(2) whether the campaign has already purchased duplicative services or equipment;
(3) the nature of the goods or services purchased;
(4) whether an unusually high proportion of funds was spent on a specific category of expenditure;
(5) whether a high total dollar amount or proportion of payments was made to individuals rather than to entities;
(6) whether the campaign has demonstrated a pattern of making other expenditures not in furtherance of the campaign or impermissible post-election expenditures; and
(7) whether an expenditure made less than one month prior to the election, or after the election, is accompanied by the reporting of a corresponding outstanding liability.
§ 11. Subdivision c of section 1-09 of chapter 1 of title 52 of the rules of the city of New York is amended to read as follows:
(c) Documentation. Disclosure statements will not be deemed complete unless submitted with the records required by [§§] Rules 3-04(a) and 4-01(b)(2)[,] and (3)[, and (6)] for each matchable contribution claimed in the disclosure statement.
§ 12. Section 1-11 of chapter 1 of title 52 of the rules of the city of New York is amended to read as follows:
§1-11 Filer Registration.
(a) Not later than the day that a candidate files the first disclosure statement for an election, the candidate shall submit a filer registration form. The filer registration form shall include:
[(a)] (1) the candidate’s name, address information and telephone numbers, e-mail address, and employment information;
[(b)] (2) the name and mailing address, and treasurer name, treasurer address information and telephone numbers, treasurer e-mail address, and treasurer employment information, of every political committee authorized by the candidate that has not been terminated, and, in the case of a participant or limited participant, an indication of which such committee is the principal committee;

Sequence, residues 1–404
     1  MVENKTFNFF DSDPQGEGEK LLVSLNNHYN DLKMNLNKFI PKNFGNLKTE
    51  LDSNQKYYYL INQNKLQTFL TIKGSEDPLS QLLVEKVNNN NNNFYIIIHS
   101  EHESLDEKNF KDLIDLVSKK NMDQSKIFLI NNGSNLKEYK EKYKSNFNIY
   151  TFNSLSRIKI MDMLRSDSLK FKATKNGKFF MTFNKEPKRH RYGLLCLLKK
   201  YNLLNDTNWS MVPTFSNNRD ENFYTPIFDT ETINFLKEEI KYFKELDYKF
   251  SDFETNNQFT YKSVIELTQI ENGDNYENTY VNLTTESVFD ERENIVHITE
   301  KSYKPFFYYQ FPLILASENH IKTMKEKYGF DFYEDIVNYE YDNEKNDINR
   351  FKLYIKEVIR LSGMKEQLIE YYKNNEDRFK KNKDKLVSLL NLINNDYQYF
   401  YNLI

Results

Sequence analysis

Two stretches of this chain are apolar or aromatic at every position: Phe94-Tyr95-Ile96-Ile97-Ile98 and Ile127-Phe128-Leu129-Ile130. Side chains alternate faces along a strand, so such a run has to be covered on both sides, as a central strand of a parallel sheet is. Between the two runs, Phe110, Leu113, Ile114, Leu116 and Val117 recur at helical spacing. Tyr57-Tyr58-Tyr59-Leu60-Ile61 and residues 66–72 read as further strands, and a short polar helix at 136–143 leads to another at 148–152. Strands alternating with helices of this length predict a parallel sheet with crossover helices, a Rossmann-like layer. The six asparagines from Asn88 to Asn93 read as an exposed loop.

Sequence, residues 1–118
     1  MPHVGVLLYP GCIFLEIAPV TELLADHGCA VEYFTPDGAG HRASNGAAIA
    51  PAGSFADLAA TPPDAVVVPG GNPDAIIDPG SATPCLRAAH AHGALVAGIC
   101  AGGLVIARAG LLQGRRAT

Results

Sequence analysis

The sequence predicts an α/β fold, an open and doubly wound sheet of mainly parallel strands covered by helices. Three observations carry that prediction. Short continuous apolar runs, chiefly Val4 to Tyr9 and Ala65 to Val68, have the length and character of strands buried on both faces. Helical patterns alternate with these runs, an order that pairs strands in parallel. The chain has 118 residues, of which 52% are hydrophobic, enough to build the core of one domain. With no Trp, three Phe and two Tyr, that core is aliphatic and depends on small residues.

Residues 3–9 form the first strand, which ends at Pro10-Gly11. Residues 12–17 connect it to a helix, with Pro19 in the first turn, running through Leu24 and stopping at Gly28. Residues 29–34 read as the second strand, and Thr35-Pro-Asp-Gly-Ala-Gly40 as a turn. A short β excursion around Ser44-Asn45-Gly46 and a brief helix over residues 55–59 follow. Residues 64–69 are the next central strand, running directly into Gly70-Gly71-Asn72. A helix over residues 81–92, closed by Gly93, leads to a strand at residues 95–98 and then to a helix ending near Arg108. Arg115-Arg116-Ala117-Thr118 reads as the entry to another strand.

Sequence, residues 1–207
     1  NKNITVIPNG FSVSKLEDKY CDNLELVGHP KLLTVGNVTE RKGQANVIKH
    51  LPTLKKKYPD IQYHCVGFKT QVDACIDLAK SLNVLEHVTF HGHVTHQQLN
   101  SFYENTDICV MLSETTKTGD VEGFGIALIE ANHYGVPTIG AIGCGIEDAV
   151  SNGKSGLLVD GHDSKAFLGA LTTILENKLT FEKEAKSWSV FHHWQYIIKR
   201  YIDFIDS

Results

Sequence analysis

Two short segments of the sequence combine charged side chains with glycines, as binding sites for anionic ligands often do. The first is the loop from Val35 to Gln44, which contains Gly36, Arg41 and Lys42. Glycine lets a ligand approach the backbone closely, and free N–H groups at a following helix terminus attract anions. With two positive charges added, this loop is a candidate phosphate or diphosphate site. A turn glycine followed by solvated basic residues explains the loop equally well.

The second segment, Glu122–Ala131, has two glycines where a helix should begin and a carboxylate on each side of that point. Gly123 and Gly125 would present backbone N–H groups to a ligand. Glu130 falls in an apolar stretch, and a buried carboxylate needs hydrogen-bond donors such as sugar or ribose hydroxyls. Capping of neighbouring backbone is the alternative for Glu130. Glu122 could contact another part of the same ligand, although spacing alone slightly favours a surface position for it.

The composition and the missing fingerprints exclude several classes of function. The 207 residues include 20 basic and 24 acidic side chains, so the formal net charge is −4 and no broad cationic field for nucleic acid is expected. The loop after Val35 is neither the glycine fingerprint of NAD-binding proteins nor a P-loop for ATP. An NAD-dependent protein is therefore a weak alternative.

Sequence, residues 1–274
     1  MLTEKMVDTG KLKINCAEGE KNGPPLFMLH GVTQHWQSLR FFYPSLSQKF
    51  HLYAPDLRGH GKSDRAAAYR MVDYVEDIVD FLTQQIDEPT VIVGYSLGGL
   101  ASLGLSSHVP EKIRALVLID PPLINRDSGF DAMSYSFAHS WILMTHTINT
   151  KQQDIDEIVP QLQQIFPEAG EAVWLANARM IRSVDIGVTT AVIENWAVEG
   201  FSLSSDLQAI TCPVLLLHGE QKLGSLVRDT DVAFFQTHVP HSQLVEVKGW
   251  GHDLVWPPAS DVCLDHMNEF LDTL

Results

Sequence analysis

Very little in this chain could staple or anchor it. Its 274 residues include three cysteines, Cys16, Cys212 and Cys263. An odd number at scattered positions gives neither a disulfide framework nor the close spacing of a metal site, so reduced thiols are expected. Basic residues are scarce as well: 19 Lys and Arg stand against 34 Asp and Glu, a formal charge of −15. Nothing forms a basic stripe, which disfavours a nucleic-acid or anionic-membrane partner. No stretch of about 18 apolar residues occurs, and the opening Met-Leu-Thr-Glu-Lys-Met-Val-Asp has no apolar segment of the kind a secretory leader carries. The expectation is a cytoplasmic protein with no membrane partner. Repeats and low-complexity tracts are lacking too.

[(c)] (3) the name, mailing address, e-mail address, and telephone number of any person designated by the candidate to act as liaison with the Board for each committee filing disclosure statements;
[(d)] (4) identification of all bank accounts and other depository accounts, including merchant and payment processor accounts, into which receipts have been, or will be, deposited, and all bank accounts used for the purpose of repaying debt from a previous election; and
[(e)] (5) other information as required by the Board.
(b) The candidate shall notify the Board of any material change, including any new information, or any change to any required information, concerning any political committee, bank account, [unique] merchant or payment processor account, candidate or treasurer employment, address, telephone number, or e-mail address, in the filer registration form in such manner as may be provided by the Board. The candidate shall notify the Board of any such changes no later than
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the next deadline for filing a disclosure statement, or, in the case of changes that occur after the deadline for the last disclosure statement required to be filed, no later than 30 days after the date of the change; provided, however, that if the candidate has extinguished all outstanding liabilities resulting from the election to which the filer registration relates, including payment of any penalties and/or repayment of public funds owed to the Board, the candidate need not notify the Board of any material change to the filer registration information after the date the candidate’s final audit report is issued, except as provided in Rule 4-03(b).